Are We There Yet?

July 21-27, 2014

By Jay Edwards

At the recent Arkansas Press Association convention we were greeted by flies. KM was there too; she is the member services expert for the APA.

A few years back it wasn’t flies, it was water, first a thunderstorm at the golf tournament in Alma (we never got to tee off) then a broken sprinkler system, which affected, in a bad wet way, the bottom five floors and the lobby. I was lucky, having secured a room on the sixth floor, and watched as my drenched fellow journalists sloshed around below. 

This year, the front door of the Embassy Suites would open and along with every human entering came about ten flies. By the end of the convention we were all abuzz.

But, flies aside, I’ll always remember this year’s great event for the moment I became a Libertarian. There were three political debates on July 11, and all three had the third party candidates who were there to tell why we should vote for them.

But after hearing from the Libertarians and thinking I should join them, I figured I better know what they stand for. It all sounds pretty good.

I found a video on Youtube of Libertarian John Stossel, asking some people on Times Square what a Libertarian was. Here are the three answers he got.

1st man: I never heard about that.

Woman: I don’t know.

2nd man: A librarian who takes too many liberties?

Back in the studio, Stossel explained that they believe in individual freedoms. “It is what the founders believed,” he said. “They believed that government should keep its citizens safe and then butt out.”

According to Dr. Jeff Miron, director of undergrad studies in economics at Harvard, “Liberals and Conservatives are on some level the same – they are authoritarians. They have strong views on the right way for people to run their lives and want to impose those views. Libertarians want to let people choose for themselves.”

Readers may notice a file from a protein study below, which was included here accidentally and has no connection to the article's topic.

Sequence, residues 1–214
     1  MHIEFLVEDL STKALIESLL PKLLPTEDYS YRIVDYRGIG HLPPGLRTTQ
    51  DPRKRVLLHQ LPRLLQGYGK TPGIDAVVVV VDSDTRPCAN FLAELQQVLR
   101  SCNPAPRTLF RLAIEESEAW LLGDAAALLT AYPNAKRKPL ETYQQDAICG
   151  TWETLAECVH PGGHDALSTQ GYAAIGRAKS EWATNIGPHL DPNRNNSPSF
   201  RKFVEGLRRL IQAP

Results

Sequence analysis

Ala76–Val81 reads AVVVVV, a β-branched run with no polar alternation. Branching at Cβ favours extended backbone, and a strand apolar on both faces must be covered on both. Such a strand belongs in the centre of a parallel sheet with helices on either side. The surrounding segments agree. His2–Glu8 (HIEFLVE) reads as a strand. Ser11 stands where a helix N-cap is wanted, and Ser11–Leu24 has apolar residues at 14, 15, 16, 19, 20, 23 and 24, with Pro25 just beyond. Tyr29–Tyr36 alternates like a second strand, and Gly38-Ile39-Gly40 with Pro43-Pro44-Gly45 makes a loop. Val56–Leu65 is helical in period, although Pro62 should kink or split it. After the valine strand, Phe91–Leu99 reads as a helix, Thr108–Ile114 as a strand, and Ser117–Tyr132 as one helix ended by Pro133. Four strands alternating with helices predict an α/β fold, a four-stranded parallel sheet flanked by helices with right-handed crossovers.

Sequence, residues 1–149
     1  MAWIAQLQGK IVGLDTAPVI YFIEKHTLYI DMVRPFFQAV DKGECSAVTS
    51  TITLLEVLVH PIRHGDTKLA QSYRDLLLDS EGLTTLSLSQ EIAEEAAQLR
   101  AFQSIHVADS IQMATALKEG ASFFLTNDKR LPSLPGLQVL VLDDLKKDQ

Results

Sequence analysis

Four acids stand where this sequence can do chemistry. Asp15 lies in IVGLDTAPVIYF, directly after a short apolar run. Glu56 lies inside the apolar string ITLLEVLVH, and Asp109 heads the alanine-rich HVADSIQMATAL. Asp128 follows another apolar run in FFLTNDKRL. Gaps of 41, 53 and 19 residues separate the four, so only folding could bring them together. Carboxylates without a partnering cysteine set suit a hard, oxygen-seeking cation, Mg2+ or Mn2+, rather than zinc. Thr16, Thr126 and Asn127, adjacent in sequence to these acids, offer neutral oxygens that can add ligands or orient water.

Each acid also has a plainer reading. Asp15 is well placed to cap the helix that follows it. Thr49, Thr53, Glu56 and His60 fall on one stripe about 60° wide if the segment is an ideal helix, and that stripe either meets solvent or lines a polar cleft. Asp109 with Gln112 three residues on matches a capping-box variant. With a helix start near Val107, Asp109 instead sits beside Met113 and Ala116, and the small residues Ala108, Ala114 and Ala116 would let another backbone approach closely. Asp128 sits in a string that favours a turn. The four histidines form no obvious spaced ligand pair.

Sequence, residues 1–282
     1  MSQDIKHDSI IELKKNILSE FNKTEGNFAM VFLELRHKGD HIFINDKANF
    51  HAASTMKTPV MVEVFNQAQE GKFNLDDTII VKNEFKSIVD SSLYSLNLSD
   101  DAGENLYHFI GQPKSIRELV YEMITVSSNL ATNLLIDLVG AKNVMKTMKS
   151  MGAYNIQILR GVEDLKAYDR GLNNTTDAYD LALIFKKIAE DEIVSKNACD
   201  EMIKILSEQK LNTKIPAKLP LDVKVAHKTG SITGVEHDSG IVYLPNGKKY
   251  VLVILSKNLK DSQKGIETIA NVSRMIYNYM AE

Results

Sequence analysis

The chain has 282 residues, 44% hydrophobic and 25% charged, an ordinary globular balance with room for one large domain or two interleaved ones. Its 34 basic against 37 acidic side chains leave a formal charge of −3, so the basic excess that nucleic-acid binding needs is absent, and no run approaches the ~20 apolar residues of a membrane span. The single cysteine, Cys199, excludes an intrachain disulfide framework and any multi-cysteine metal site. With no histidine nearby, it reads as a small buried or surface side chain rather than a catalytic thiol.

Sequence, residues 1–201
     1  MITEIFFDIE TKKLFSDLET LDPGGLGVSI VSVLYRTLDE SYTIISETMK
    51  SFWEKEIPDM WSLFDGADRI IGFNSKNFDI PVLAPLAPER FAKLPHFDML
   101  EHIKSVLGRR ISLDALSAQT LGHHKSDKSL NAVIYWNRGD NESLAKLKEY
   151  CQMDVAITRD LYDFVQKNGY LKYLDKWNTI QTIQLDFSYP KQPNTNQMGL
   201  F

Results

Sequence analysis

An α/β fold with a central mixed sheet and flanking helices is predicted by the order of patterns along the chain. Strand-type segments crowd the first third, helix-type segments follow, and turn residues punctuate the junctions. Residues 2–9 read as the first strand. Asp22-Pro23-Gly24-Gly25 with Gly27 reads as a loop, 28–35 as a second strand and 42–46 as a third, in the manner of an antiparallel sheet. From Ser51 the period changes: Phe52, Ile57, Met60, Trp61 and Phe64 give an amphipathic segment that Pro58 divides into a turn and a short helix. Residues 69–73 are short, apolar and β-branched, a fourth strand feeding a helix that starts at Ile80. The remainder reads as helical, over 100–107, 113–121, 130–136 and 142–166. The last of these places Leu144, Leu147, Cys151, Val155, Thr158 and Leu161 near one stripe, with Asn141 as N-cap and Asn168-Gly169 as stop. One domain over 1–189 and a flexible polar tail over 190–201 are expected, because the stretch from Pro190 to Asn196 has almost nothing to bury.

I like the sound of that. Yes, I am now a Libertarian.

In the first debate, for lieutenant governor, Tim Griffin was skyping live from an office in D.C. He said hello loudly, answered a few questions, said he had to go vote, and his screen went blank.

That left Democrat John Burkhalter and Libertarian Chris Olson, who said he didn’t believe the state even needs a lieutenant governor. Interesting tactic, I thought. 

Both Burkhalter and Olson said they are not career politicians. Hearing that, Byron Tate, the publisher at the Pine Bluff Commercial, leaned over and said, “Politics is the only profession where longevity and experience hurts you. How many people do you know who when looking for a surgeon say, ‘Give me the new guy.’”

Burkhalter came away looking the best to me, but it helped that Griffin was off voting and Olson is running for a position he doesn’t believe should even exist. I was still a Democrat at that point.

Next up were the attorney general hopefuls. Again there were three, but all stayed for the whole debate. We began with an opening statement from Libertarian Aaron Cash, a 26-year old Northwest Arkansas lawyer who began by saying we might not recognize him because he’d left his tin-foil hat at home. Also on the podium were Democrat Nate Steel and GOP Leslie Rutledge. Steel and Rutledge are attorneys too; all three candidates have mothers who are schoolteachers, but Steel reminded us that he mentioned his momma first. 

Last were the governor candidates and the four debating were Joshua Drake of the Green Party, Republican Asa Hutchinson, Libertarian Frank Gilbert and Democrat Mike Ross.

Drake likes Ross who was the most intense but Gilbert was the funniest.  What can I say? Funny gets me every time.